One question. Your opponent looks like he had a poor root (no disprespect meant). Did you find that to be the case and took advantage of it? Or were you just more advanced and made it look like he wasn't rooted properly in general when he was?
     
  11. ned

    ned Valued Member

    Being well rooted is important but so is being relaxed and able to 'read' your opponent.
    In my first match(against the eventual overall winner) I was on the back foot from the start and just could'nt get back in.I was nervous,my stance was slightly off,and he could easily read my movements because of the tension in my arms.His greater experience was obvious.
    You probably learn more from these experiences than from the ones you win
    although it feels horrible at the time-when you learn what your weaknesses are you can work on the counters.
     
  12. YouKnowWho

    YouKnowWho Valued Member

    Don't spend too much time in your Taiji

    - fix step PH. You may forget "footwork".
    - moving step PH. You may forget "entering strategy".

    After you have developed that experience, move on and don't look back. There are a lot of training that you will need to spend your time beyond that.
     
    Last edited: Jun 23, 2014
  13. inthespirit

    inthespirit ignant

    Nice Job Ned! Your opponent seemed a bit overly agro, but you handled him well.

    I'm not sure if its the angle of the shot, but it looks like your front foot is turned inwards (40-45 degrees?), am I seeing this correctly? We do this in I liq Chuan but I've never been taught to do this in Taiji, nor seen many people use it.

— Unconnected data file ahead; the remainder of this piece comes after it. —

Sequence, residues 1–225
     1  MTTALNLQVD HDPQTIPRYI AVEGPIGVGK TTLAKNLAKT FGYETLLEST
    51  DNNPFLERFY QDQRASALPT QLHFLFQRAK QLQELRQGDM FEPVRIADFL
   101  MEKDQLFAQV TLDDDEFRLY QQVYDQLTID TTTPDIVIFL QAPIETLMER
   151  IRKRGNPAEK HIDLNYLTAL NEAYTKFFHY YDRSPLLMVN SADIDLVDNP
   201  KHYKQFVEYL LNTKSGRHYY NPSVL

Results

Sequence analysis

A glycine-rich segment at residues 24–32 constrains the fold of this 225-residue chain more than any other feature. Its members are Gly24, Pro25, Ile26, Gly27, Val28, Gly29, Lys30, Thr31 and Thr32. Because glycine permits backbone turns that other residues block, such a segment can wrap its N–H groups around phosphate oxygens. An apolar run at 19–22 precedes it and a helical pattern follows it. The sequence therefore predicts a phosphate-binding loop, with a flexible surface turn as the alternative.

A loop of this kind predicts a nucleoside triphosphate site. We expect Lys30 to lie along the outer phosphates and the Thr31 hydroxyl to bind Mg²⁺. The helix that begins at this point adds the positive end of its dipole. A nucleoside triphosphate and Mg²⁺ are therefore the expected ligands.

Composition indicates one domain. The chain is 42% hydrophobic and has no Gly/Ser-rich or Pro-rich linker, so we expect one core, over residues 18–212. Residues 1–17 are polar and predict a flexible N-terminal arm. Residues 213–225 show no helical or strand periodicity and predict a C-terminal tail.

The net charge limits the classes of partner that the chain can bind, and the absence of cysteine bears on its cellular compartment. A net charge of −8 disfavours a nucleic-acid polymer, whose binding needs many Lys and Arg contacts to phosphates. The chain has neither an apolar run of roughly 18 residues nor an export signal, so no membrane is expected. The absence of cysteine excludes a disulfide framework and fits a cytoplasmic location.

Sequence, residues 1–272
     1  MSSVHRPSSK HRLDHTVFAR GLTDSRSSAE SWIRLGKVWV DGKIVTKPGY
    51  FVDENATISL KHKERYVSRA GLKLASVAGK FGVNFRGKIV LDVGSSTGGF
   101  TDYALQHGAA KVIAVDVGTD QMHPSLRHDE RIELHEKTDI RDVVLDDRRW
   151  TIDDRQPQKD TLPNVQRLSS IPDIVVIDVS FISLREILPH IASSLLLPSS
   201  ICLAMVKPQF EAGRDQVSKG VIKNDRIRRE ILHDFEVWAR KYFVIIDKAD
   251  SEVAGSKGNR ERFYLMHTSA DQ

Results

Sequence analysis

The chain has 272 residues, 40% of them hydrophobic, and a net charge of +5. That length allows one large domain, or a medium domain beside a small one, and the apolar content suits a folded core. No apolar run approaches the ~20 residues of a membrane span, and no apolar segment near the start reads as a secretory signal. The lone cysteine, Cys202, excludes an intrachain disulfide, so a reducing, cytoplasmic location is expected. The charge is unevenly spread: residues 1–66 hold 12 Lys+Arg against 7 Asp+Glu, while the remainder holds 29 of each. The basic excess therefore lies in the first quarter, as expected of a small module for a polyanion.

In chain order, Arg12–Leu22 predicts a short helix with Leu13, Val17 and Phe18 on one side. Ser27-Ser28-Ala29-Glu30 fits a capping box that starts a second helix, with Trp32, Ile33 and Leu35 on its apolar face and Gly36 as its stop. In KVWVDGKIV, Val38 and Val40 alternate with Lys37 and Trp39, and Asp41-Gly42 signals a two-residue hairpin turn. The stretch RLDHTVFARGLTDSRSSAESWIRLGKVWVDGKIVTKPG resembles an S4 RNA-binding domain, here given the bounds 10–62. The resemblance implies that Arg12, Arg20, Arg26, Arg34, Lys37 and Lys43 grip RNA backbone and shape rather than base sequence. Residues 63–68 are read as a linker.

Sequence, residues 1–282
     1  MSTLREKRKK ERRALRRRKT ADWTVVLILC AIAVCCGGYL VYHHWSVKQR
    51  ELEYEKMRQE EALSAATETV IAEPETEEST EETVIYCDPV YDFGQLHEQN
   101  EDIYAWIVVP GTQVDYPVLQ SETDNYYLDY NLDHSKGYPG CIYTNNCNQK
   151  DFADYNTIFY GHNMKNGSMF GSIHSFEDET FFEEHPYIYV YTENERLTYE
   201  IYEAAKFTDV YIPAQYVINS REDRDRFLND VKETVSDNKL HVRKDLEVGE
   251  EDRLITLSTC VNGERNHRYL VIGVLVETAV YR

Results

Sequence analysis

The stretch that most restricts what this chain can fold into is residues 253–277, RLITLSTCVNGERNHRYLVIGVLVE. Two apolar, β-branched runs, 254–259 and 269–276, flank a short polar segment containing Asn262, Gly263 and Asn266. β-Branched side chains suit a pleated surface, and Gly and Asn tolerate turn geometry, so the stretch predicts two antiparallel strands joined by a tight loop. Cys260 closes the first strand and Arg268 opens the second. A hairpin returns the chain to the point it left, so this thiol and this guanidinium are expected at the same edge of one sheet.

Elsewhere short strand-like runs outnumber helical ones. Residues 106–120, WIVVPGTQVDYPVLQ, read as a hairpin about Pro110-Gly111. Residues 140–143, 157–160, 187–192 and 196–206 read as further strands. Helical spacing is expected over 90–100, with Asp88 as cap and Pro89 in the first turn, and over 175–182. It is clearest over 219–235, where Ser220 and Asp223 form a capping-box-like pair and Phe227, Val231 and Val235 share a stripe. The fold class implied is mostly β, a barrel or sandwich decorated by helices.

Also, I'm at work so I watched it without sound, but I can see what looks like Barry giving instructions on the left of the shot. Are you from his group?

    Should do moving step next time too, I think you'd do well in it.
     
  14. ned

    ned Valued Member

     
  15. inthespirit

    inthespirit ignant

    That's cool. I do think its more useful than having your front foot at 90 degrees. I find you can get more torque this way, makes the stance more stable and dynamic.

    Ahh.. that's a bit of a pain, he's a nice enough guy and he does have a lot of experience in these comps, but if your not an official it is best to leave it to those who are. You'd be in the right asking the ref to hush him up.

    Funny you say that, last time I did this comp I had my opponents dad hovering around us shouting inane support comments at his son. Ref didn't seem to give a damn. It is understandable being the parent and all but it is a annoying, didn't help his son either.

    That's and odd one. It may actually be a good point to accentuate at comps. There is this one, way over used move, I often see in fixed push hands where at the outset, the fastest to instigate a drag/pull of the opponents arm gets the point (i.e. lift the elbow with the one hand and pull the forearm/hand with your other hand diagonally across the opponents body). It would be harder to do without cupping the opponents elbow. However, if it was just for your match, it doest make much sense.